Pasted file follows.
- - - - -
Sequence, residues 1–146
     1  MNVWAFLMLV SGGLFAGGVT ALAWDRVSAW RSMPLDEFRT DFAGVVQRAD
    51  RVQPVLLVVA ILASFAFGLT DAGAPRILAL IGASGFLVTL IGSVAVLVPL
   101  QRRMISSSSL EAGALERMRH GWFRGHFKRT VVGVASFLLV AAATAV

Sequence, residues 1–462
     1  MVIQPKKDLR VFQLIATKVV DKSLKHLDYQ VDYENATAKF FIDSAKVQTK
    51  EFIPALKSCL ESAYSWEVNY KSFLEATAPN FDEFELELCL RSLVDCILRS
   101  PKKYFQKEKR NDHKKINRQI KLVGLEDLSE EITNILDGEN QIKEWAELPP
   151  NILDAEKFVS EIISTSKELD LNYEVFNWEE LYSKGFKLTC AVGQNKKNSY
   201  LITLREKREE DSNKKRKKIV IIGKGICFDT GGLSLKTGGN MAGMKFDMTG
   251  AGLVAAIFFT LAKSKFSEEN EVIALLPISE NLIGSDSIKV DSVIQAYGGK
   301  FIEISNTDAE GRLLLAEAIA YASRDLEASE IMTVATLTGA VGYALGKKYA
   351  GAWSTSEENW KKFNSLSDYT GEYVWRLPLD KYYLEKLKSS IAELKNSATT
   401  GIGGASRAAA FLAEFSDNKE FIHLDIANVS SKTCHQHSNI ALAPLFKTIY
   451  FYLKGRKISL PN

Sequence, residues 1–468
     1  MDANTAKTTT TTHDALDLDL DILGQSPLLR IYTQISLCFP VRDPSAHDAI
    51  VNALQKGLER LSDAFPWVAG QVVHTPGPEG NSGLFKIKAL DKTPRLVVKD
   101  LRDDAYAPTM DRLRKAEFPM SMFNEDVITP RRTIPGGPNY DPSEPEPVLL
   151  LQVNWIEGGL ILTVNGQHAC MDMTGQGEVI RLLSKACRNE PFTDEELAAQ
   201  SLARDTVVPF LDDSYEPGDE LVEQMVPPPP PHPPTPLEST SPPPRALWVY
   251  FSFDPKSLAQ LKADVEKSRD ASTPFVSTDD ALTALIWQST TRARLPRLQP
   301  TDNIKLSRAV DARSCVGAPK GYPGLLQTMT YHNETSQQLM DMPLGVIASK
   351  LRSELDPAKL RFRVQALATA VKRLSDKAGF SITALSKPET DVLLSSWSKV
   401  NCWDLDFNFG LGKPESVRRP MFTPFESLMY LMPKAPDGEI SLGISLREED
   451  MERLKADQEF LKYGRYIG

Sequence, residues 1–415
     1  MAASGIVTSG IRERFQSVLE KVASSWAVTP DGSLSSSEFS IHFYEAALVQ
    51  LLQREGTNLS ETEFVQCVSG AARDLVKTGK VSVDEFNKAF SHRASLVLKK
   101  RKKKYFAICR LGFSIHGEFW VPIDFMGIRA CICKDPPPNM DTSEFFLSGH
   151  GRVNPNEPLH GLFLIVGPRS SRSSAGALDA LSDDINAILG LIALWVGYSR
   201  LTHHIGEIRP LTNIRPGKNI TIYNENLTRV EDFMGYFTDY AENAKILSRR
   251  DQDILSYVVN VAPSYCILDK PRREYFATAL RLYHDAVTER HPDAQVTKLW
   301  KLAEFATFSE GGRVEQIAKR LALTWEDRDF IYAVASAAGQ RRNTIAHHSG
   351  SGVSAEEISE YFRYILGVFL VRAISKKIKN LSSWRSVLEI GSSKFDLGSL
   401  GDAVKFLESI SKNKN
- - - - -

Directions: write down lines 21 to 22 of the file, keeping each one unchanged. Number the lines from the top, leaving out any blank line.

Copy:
   201  SLARDTVVPF LDDSYEPGDE LVEQMVPPPP PHPPTPLEST SPPPRALWVY
   251  FSFDPKSLAQ LKADVEKSRD ASTPFVSTDD ALTALIWQST TRARLPRLQP